Thanks to Fatty for his post that triggered this entry.
I'm a bit ridiculous with my bicycling, and I always have been.
Very soon after getting back into riding about 10 years ago, I was looking for data. First, it was a simple cyclocomputer. Speed, distance, average speed, time.
Very soon after, it was a heart rate monitor, a cheap one that displayed on a wristwatch which I mounted to my handlebars with a drafting eraser under the band to hold it in place.
Yeah, I was the epitome of road bicycle style, hairy legs and all.
I quickly saw that heart rate wasn't telling me anything, especially without some data recording capabilities. I'd feel great with my heart at 165bpm, and feel like I was about to pop at 140bpm. Heart rate was just not very helpful.
I was also deluded into thinking I was truly fast. I was occasionally able to beat the other riders in the Tuesday/Thursday pick-up ride on my aluminum framed Specialized. They knew me by name, and I even had a nickname: Red Chris. (I wore red kit exclusively for years, and my bicycle was red.)
I thought I was cool. I thought I was fast.
So I bought a power meter: a CycleOps PowerTap SL 2.4, built with Mavic Open Pro wheels and DT Swiss spokes. Top notch kit. I put my shiny new wheels on my hardly new Specialized, tripling the value of the bicycle with the swing of a quick release skewer.
I was so cool. No one else had a power meter at the time. They were still pretty rare even at the pro level. I ran out and did a hard ride. I recorded heart rate, power, speed, cadence. I rush home, hook up the LYC (Little Yellow Computer) and download the data. I bought software to help me analyze and track my power training. I reviewed my power in detail.
And I realized that I stunk. I was slow. Weak. Pathetically weak. Didn't register on the charts weak.
Buying a power meter was one of the most demoralizing moments in my cycling career, if you could call it a career. I suddenly knew my standing in the world of bicyclists, and it simply wasn't very high.
My ego was badly bruised.
Then I read the instructions. I need to zero out the torque! Next ride, I get out, zero out the torque. I reset, ride hard, capturing all this data. Go home.
I still suck. My ego was almost fatally crushed. My dreams of riding in the Tour de France were fading fast.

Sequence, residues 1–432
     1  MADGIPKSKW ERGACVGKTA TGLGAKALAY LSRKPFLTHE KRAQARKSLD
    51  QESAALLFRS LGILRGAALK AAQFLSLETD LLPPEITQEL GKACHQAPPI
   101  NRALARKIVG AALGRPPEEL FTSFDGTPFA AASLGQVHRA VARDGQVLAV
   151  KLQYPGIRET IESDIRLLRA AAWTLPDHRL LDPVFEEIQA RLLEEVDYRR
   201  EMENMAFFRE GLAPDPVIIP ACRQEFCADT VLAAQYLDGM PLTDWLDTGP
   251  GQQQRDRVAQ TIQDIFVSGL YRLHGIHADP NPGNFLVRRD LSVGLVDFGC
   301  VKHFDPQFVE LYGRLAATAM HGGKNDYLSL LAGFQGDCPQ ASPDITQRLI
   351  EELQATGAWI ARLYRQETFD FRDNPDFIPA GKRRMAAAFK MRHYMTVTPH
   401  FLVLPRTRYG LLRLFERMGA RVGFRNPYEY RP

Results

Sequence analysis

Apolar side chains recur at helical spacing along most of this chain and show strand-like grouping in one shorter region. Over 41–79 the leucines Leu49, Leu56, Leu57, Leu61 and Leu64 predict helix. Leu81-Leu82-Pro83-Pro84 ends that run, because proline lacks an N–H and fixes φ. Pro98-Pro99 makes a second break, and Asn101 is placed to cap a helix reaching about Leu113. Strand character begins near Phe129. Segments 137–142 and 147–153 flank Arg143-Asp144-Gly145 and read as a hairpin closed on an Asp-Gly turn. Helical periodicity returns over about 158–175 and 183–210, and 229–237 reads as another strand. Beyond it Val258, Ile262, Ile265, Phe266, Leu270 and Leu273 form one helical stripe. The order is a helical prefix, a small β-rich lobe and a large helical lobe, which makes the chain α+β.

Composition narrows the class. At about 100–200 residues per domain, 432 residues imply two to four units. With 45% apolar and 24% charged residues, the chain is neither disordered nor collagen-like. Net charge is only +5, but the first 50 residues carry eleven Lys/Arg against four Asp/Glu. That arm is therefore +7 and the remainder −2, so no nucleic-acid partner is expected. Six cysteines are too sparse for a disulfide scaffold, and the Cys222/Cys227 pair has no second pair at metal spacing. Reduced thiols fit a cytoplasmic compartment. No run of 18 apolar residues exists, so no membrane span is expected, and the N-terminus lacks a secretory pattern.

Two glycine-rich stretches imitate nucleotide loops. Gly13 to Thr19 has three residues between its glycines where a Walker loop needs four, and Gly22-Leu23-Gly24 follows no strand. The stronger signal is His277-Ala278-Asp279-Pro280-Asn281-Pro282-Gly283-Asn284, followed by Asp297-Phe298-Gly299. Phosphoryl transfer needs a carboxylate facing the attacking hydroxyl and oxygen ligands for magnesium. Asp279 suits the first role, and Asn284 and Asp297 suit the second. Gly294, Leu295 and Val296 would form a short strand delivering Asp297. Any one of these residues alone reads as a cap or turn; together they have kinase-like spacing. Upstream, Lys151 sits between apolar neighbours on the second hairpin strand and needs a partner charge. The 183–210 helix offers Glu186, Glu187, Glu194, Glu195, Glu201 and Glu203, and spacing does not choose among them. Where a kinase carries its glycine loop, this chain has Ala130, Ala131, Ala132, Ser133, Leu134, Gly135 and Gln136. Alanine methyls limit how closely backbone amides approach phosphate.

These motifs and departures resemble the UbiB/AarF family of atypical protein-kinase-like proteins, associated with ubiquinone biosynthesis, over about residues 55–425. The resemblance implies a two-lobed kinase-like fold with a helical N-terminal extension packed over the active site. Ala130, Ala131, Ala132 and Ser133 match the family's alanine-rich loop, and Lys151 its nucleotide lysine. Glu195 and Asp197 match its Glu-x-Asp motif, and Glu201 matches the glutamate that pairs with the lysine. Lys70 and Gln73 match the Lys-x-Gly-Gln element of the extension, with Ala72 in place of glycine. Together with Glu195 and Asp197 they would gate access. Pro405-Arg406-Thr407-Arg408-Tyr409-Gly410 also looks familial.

For years after that, I capture my data. I don't buy a new bicycle. I regret the investment in a power meter that cost as much as a sweet new mid-level carbon bike.
I realized that the fastest way to see how much you suck is to buy a power meter. There are times when you're suffering, you feel like you're working yourself to death. Legs screaming. Heart pounding. Gasping for air.
Look down, you're doing 50% of your normal power. And you can't turn up the wick.
At least, with a simple cyclocomputer, you can delude yourself. Sadly, high technology doesn't lie, it tells the cold hard truth.
But, it's those moments where you learn. And learn I did. Over time, I started to understand what my power meter was saying. I learned what it meant about my performance in a broad sense, and my body's response to my activities. I started to get faster.
I learned a lot that had nothing to do with power and everything to do with making power.
I learned about hydration, and the impact it has on power. Food, and the impact it has on power. Temperature. Riding position. Sleep.
I learned a lot about power, too. I learned about the impact of using power, the impact of accelerations, tempo, threshold riding. I had sudden clarity on the idea of "matches" and what happens when you light them. I gained clear understanding of the advantage of drafting, both as the drafter and the draftee.
I learned how to manage my performance; how much capacity I had, how to have capacity when I needed it, and how to develop more through training.
Even more, I learned how to combine information. Heart rate and power. Power and cadence. I learned how each affected the other, how to utilize them to my benefit. I started to understand how my body would act when I was tired, dehydrated, hungry, poorly fueled, hot, cold, sick.
Today, I have two wheelsets with power meters, and I seriously considered putting a power meter on my MTB wheelset (still regret not doing that, the stats would be really cool to compare and contrast with road). I know my thresholds, I know my limits, and I can see them play out on a screen in front of me when the time comes.
I also know how I compare to typical competitors, and I know what I need to do to be competitive with them - or to force them to respond.
And, most importantly, I know how to see when I need a break.
Buying a power meter was the best thing I ever did, despite the outrageous price tag when I did it. A power meter is the most powerful tool available for bicycling, right behind the bike itself. I wouldn't be half the rider I am today if I didn't have all the knowledge I gathered through simple observation of my power meter.
And I'd probably still be deluded into thinking I could ride the TdF. Today I know that'll never happen. Cat 2, or maybe even Cat 1, but not that.
Hey, we gotta dream.